Utah Governor Signs Law Banning Abortion After 18 Weeks


The ban contradicts the Supreme Court ruling that states cannot ban abortion prior to fetal viability outside the womb.

Utah's Governor Gary Herbert signed into law a ban on most abortions past 18 weeks of gestation, ABC News reports.

The Republican governor signed the measure late Monday, and it is expected to take effect in May. Opponents claim that the law is unconstitutional and promised legal pushback. The U.S. Supreme Court prohibits states from banning abortion prior to fetal viability outside the womb, which typically occurs at the 23 week mark, the American Civil Liberties Union of Utah notes.

According to the Planned Parenthood of Utah, the new ban is one of many abortion restrictions in the state, which include a mandatory, in-person, informed consent consultation and a 72-hour waiting period prior to the operation.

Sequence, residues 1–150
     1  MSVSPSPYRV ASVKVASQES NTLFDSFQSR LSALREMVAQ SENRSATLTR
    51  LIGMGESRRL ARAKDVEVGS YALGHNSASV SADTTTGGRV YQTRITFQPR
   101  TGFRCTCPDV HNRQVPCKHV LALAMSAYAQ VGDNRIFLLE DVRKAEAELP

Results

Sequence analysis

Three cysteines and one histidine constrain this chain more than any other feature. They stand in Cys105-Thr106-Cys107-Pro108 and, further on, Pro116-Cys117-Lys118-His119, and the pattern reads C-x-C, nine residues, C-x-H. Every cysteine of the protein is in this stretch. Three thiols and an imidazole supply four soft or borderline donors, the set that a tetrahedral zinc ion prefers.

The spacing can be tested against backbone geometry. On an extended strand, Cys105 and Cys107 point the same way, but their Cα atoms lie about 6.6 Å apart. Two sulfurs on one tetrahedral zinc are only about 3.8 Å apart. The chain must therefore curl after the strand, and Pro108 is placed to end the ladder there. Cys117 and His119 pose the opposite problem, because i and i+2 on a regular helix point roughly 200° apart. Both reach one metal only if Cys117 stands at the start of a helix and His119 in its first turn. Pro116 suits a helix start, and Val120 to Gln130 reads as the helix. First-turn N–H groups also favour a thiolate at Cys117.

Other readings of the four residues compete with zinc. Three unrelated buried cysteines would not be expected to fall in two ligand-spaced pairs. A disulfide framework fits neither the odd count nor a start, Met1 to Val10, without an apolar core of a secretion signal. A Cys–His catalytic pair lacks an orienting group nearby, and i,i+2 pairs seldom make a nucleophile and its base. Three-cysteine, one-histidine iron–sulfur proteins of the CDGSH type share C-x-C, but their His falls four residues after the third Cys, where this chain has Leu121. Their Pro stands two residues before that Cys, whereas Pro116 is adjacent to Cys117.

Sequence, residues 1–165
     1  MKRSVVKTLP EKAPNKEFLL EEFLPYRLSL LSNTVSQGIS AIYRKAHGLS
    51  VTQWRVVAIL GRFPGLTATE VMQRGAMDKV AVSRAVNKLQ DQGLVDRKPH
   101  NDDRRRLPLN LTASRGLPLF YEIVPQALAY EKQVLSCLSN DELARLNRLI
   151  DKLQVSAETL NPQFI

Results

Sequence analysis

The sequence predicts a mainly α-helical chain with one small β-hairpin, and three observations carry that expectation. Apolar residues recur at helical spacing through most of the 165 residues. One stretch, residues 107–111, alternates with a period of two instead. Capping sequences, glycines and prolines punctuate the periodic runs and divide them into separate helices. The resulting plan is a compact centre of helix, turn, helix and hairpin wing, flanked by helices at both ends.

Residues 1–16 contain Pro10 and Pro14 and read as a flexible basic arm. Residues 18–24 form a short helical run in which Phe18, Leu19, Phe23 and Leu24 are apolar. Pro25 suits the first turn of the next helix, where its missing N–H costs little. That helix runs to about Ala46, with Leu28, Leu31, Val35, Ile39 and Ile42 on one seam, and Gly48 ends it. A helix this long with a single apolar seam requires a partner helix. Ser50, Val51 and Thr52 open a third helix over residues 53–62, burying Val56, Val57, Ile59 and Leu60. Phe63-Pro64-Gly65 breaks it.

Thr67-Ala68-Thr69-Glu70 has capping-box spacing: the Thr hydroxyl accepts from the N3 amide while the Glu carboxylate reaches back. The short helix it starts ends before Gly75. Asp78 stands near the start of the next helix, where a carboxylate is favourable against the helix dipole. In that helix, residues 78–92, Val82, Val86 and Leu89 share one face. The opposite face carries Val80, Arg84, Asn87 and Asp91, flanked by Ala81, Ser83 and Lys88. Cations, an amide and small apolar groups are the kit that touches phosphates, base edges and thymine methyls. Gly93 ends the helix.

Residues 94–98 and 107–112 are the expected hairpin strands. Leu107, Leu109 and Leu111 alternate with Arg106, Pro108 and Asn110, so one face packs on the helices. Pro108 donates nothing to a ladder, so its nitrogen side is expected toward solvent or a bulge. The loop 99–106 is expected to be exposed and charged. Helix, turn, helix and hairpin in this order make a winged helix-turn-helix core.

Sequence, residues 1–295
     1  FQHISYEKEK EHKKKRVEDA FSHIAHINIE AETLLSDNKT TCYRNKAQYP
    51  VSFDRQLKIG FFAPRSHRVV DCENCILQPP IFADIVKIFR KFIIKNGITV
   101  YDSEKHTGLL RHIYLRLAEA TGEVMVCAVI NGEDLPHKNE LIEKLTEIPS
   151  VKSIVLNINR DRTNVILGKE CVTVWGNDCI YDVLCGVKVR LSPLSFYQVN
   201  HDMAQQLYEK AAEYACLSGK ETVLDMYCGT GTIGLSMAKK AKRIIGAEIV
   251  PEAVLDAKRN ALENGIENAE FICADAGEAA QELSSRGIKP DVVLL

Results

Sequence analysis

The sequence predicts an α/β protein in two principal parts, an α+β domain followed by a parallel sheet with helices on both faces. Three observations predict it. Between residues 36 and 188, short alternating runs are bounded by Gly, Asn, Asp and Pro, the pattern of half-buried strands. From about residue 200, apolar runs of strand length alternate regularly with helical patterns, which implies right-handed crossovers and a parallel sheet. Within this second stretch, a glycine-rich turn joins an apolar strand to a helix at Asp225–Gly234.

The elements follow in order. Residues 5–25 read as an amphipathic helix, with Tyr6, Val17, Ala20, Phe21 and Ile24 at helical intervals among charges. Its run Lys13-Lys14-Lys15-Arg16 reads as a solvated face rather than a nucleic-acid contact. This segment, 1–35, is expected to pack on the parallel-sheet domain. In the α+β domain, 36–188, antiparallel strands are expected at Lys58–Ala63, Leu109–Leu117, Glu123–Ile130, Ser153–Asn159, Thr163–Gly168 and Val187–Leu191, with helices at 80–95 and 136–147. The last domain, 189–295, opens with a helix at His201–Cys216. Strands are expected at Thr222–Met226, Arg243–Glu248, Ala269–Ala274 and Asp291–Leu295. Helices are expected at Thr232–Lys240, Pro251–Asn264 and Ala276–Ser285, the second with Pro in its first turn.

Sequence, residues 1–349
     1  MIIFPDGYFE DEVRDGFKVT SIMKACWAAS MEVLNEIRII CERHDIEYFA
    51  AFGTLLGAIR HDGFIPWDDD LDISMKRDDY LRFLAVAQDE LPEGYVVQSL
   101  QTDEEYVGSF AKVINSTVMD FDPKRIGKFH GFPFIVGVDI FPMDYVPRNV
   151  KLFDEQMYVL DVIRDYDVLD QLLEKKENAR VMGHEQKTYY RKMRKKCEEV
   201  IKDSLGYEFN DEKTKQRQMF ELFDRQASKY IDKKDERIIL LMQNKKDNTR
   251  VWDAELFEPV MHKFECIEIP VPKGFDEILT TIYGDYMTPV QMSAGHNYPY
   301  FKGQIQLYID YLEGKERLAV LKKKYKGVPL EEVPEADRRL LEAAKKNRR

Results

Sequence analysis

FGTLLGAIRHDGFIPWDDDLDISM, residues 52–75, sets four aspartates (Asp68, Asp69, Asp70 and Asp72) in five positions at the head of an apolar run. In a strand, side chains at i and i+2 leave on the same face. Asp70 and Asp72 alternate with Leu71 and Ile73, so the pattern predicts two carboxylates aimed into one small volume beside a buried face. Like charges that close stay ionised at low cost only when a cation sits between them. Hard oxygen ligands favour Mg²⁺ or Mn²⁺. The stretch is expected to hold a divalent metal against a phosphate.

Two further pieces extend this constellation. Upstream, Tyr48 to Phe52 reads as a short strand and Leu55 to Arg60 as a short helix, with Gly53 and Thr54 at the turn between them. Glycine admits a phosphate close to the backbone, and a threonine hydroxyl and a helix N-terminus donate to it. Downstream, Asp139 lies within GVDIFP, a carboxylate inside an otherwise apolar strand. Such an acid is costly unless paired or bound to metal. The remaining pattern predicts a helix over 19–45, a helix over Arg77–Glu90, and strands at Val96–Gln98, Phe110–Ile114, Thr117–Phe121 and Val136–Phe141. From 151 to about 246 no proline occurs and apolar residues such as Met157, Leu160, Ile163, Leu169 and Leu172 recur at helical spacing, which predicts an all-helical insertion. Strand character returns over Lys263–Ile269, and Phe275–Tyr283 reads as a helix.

"This 18-week ban is clearly unconstitutional and part of a broader agenda to ban abortion one law at a time," said president Karrie Galloway in a statement.

In Arkansas, Republican Governor Asa Hutchinson has also passed a law imposing an 18-week ban, and other states have considered or approved abortion bans much earlier than 18 weeks.

In cases of rape, fatal fetal deformity, or threat to the mother's health, an abortion may be permitted after the 18 week mark.

Governor Herbert expressed that he is not worried about the cost of a lawsuit, which would cost the state about $2 million if it loses, according to ABC News.

Read the full story here.